Freezing Nucleation Rates of Dilute Solution Droplets Measured between −30° and −40°C in Laboratory Simulations of Natural Clouds

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  • 1 Department of Atmospheric Science, Colorado State University, Fort Collins, Colorado
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Abstract

A 1.2 m3 continuous slow-expansion cloud chamber was used to simulate natural, liquid cloud formation on soluble cloud condensation nuclei (CCN). Droplet freezing was observed during continued simulated adiabatic ascent and cooling to −40°C. Sharply increasing ice nucleation rates were observed between −34° and −39°C, independent of the chemical composition of three CCN used. From the experimental data, nucleation rates are estimated assuming a homogeneous-freezing mechanism. It is concluded that homogeneous-freezing was observed. The results are compared to other laboratory and field studies. These results compare most closely with values calculated from data taken in real clouds and should be relevant to ice formation in cirrus clouds.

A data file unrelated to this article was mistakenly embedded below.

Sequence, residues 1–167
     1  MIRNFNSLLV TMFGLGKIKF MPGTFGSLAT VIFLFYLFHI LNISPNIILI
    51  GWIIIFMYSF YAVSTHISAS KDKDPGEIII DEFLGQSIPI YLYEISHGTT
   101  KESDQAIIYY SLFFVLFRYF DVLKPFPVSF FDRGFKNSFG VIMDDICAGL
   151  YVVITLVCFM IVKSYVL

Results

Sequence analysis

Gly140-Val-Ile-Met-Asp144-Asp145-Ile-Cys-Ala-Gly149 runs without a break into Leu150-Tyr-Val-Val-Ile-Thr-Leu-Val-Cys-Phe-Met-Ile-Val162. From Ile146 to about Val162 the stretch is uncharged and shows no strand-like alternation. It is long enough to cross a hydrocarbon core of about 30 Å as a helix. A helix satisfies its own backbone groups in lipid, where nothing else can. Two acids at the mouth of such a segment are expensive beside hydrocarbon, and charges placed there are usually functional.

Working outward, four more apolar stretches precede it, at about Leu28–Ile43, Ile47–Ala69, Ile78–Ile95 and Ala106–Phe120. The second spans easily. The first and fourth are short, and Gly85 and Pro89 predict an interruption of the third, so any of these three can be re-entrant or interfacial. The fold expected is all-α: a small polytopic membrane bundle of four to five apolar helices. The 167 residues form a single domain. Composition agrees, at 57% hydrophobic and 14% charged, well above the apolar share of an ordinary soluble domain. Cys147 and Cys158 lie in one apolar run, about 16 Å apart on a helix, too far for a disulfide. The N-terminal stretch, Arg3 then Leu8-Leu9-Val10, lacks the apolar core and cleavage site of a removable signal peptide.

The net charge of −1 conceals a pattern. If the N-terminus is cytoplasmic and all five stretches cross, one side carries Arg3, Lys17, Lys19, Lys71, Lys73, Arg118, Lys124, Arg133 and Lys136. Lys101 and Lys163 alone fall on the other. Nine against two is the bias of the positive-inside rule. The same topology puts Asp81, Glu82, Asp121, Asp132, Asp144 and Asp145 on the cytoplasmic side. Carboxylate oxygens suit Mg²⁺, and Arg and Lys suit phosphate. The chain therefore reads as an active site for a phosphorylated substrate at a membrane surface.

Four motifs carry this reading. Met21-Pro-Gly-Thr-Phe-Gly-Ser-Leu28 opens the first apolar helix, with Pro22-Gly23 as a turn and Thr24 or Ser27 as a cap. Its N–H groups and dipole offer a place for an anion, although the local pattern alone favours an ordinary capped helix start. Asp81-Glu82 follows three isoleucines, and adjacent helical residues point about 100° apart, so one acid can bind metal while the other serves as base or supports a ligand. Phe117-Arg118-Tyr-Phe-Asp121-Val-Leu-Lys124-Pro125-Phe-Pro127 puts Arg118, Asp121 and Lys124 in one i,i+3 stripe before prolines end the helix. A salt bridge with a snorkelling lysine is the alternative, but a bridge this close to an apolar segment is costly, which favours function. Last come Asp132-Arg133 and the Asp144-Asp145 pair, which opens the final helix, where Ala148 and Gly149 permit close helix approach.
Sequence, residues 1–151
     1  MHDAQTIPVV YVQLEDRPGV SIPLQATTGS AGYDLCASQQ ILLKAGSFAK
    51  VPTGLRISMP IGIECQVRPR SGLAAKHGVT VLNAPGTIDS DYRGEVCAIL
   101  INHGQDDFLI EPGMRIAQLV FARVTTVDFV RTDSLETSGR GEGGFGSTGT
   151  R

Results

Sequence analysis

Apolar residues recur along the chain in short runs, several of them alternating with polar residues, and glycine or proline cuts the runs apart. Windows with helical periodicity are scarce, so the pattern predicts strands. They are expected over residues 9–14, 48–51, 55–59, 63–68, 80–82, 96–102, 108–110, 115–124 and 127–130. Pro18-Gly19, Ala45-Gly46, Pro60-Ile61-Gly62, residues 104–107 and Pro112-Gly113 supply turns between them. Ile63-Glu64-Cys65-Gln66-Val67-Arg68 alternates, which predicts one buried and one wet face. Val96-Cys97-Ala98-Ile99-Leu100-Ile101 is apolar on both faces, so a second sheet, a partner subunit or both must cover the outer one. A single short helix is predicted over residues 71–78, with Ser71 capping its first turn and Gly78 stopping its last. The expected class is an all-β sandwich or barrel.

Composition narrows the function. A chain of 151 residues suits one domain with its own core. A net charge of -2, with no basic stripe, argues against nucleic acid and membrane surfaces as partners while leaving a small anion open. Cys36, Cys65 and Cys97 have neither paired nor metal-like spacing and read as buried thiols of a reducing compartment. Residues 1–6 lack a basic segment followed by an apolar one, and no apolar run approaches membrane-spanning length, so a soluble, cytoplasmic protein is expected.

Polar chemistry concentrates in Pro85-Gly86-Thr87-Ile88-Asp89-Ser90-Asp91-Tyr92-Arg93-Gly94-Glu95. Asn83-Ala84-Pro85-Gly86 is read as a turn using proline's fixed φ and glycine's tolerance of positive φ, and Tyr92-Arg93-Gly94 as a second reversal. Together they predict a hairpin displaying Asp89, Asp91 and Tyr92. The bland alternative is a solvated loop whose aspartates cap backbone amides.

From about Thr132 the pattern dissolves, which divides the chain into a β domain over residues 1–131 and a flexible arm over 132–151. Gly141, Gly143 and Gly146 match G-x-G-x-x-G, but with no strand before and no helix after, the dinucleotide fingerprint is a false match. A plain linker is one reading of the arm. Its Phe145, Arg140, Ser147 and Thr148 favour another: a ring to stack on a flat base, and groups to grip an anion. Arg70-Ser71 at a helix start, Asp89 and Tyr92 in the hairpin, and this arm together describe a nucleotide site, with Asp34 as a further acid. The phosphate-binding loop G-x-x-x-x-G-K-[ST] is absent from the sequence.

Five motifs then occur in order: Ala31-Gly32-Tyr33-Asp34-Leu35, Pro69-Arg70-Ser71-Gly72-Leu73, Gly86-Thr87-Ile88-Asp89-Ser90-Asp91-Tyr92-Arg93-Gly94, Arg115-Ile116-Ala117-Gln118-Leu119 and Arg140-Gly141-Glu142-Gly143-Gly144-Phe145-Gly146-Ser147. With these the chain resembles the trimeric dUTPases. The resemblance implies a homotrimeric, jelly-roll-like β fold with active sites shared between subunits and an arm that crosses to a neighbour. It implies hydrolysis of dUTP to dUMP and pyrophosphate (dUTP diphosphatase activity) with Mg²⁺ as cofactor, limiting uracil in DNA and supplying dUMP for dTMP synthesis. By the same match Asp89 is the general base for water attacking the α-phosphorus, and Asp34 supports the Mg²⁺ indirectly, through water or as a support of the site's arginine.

Abstract

A 1.2 m3 continuous slow-expansion cloud chamber was used to simulate natural, liquid cloud formation on soluble cloud condensation nuclei (CCN). Droplet freezing was observed during continued simulated adiabatic ascent and cooling to −40°C. Sharply increasing ice nucleation rates were observed between −34° and −39°C, independent of the chemical composition of three CCN used. From the experimental data, nucleation rates are estimated assuming a homogeneous-freezing mechanism. It is concluded that homogeneous-freezing was observed. The results are compared to other laboratory and field studies. These results compare most closely with values calculated from data taken in real clouds and should be relevant to ice formation in cirrus clouds.

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